March 17, 2014
Australian Senator Applauded for Bill to End Cosmetics Animal Testing Down Under
Cross Party MPs and Be Cruelty-Free Australia unite to back the bill
Be Cruelty-Free Australia, part of the largest global campaign to end animal testing for cosmetics, applauds Australian Green Senator Lee Rhiannon for introducing a bill to end cruel cosmetics in Australia.
Be Cruelty-Free Australia and cross-party MPs joined Sen. Rhiannon for the announcement of the Bill at a special press conference at Canberra’s Parliament House. This landmark legislation follows more than a year of campaigning by Be Cruelty-Free Australia – a coalition of Humane Society International and Humane Research Australia. Several federal politicians have already pledged their support for Be Cruelty-Free Australia, including the legislation’s sponsor Sen. Lee Rhiannon, Deputy Opposition Leader Tanya Plibersek, Leader of the Greens Christine Milne, Greens MP Adam Bandt, , Labor MP Anna Burke, Liberal MP Jason Wood, Sen.Scott Ludlam, Sen. Richard Di Natale, Sen. Penny Wright and Sen. Peter Whish-Wilson.
The bill aims to amend the Industrial Chemicals (Notification and Assessment) Act 1989 to ban cosmetics animal testing within Australia as well as the import and sale of cosmetics newly animal-tested abroad. This would mirror the test and sales ban introduced in the European Union in 2009 and 2013 respectively.
Hannah Stuart, Be Cruelty-Free Australia, said: “There is overwhelming public support for a national cosmetics animal testing and sales ban in Australia, so we are delighted that politicians are joining with our Be Cruelty-Free Australia campaign to achieve this shared goal. Testing cosmetics like mascara and shampoo on living creatures is a completely unnecessary cruelty and it’s time Australia joined a growing number of countries by banning it. Please support us, go online and sign our Be Cruelty-Free pledge for a world without cosmetics cruelty.”
Senator Lee Rhiannon said: “We are very encouraged that MPs from both Labor and the Liberals have pledged their support to the Be Cruelty-Free Australia campaign. This is a very encouraging action and takes us one step to legislating an end to cosmetics animal cruelty in Australia. It is absolutely disgraceful that an estimated 500,000 animals - mainly rabbits and rodents – are used each year around the world in tests of cosmetic ingredients or products. I congratulate Be Cruelty-Free, the largest campaign in the world to end cosmetics animal testing, for their effective advocacy in driving this worldwide momentum to end cosmetics animal testing.”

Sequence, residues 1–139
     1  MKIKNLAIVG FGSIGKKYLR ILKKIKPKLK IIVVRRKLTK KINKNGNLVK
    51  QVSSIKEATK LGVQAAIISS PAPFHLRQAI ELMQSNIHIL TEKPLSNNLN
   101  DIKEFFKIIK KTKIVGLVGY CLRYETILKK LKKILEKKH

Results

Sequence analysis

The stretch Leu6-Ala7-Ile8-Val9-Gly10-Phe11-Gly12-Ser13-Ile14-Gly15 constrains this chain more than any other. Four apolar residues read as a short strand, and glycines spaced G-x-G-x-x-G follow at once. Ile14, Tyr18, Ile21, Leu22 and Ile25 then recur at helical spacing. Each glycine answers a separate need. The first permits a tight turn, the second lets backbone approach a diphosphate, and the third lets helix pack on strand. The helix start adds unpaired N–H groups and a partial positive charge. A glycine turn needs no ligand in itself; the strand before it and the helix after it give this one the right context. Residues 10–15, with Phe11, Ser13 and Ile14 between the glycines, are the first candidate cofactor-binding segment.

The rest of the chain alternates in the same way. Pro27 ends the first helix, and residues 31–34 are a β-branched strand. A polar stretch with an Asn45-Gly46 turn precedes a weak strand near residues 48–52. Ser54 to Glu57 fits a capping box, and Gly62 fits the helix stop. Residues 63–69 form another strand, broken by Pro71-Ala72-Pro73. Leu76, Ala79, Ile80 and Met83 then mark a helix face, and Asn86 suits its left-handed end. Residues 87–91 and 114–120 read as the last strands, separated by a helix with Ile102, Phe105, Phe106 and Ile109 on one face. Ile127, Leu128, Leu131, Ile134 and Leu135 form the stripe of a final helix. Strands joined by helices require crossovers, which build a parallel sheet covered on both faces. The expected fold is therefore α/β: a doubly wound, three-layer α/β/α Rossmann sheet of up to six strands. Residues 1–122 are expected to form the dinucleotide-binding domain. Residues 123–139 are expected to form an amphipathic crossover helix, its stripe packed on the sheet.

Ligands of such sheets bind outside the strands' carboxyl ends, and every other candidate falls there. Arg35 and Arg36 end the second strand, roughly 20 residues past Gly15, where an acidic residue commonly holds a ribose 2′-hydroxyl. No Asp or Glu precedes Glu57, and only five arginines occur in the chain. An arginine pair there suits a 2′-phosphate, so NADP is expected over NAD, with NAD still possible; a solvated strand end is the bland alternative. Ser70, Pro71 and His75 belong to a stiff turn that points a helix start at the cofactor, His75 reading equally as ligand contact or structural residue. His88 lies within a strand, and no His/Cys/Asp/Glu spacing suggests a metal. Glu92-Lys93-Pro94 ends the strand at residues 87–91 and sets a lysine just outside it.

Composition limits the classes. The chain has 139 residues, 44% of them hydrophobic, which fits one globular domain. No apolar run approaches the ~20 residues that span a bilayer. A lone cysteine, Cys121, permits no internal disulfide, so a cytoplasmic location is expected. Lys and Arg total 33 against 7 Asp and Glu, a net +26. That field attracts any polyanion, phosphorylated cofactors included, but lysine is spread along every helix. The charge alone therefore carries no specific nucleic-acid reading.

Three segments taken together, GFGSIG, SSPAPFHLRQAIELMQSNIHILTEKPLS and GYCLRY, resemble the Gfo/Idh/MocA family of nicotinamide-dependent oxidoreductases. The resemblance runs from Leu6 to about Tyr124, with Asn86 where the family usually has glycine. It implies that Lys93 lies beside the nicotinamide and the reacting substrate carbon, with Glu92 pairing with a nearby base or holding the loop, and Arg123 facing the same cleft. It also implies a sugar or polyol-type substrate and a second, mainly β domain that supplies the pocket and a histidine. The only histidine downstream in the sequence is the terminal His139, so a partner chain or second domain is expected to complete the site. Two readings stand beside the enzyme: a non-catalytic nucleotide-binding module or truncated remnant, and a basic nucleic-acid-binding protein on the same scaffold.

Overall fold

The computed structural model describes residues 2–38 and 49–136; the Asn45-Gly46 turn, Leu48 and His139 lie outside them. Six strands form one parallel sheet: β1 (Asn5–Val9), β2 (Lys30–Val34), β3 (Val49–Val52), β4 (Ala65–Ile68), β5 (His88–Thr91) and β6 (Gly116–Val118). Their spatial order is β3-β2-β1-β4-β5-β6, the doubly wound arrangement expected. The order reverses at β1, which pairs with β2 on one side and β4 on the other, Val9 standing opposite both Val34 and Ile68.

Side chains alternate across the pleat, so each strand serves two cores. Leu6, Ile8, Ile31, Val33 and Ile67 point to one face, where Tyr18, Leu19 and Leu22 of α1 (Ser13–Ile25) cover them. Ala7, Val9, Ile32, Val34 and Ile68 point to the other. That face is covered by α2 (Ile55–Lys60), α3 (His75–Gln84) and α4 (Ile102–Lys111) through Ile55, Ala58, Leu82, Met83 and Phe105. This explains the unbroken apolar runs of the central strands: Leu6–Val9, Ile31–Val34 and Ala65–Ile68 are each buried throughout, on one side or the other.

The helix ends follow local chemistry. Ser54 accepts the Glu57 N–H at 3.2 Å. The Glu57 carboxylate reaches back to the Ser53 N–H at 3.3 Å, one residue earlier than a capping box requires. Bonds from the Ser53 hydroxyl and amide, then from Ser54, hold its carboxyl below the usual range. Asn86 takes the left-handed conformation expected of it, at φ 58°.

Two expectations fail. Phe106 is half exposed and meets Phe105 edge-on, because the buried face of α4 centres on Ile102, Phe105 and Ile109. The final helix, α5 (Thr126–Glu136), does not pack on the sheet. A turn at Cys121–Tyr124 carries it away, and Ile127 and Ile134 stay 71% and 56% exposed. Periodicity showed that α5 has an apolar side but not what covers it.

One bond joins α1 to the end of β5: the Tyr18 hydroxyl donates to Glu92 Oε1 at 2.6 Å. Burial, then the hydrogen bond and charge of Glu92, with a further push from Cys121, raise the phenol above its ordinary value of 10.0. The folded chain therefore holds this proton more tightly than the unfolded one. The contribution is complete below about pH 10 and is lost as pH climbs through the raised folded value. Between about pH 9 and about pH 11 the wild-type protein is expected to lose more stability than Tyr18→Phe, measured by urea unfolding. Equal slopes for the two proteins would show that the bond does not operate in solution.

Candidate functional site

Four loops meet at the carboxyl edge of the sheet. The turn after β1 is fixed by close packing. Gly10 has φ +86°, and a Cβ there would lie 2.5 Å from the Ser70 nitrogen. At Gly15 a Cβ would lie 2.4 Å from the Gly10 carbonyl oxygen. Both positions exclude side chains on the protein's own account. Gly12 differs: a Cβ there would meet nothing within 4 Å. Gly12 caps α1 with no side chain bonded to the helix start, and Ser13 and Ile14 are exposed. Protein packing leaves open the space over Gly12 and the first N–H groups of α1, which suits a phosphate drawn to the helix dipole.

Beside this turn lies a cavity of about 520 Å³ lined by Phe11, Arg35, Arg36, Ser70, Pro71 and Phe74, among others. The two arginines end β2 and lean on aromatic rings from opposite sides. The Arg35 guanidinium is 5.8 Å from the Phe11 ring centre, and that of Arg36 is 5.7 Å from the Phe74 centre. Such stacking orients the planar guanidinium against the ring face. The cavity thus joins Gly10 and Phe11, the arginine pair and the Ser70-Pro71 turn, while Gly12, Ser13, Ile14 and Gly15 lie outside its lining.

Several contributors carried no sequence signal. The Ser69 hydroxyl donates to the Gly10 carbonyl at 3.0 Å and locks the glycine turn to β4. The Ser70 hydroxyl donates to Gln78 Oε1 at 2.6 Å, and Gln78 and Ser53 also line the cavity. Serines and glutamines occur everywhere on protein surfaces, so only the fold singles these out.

Senator Rhiannon’s legislation comes in the wake of worldwide momentum to end cosmetics animal testing, with Be Cruelty-Free the campaign behind much of this global change. Both the European Union and Israel have banned cosmetics animal testing and the sale of newly animal-tested cosmetics. India has also prohibited animal testing for cosmetics and is considering an import and sales ban. Just this year the Brazilian state of São Paulo signed a bill prohibiting cosmetics testing on animals with heavy fines for companies breaking the ban. And earlier this month U.S. Congressman Jim Moran introduced the Humane Cosmetics Act that seeks to ban cosmetics animal testing and the sale of animal-tested cosmetics in the United States. Meanwhile in China, where animal testing for cosmetics is required by law, the Chinese Food and Drug Administration announced that from June such testing will no longer be mandatory for some domestically produced cosmetics.
Rabbits, guinea pigs, mice and rats all endure untold suffering for the global beauty industry. They have chemicals dripped in their eyes or force-fed to them in massive, lethal doses. The results are of questionable relevance to humans, and such tests are being surpassed by state-of-the-art non-animal test methods that are often faster and cheaper too.
Hannah Stuart: Be Cruelty-Free Australia Campaign Coordinator
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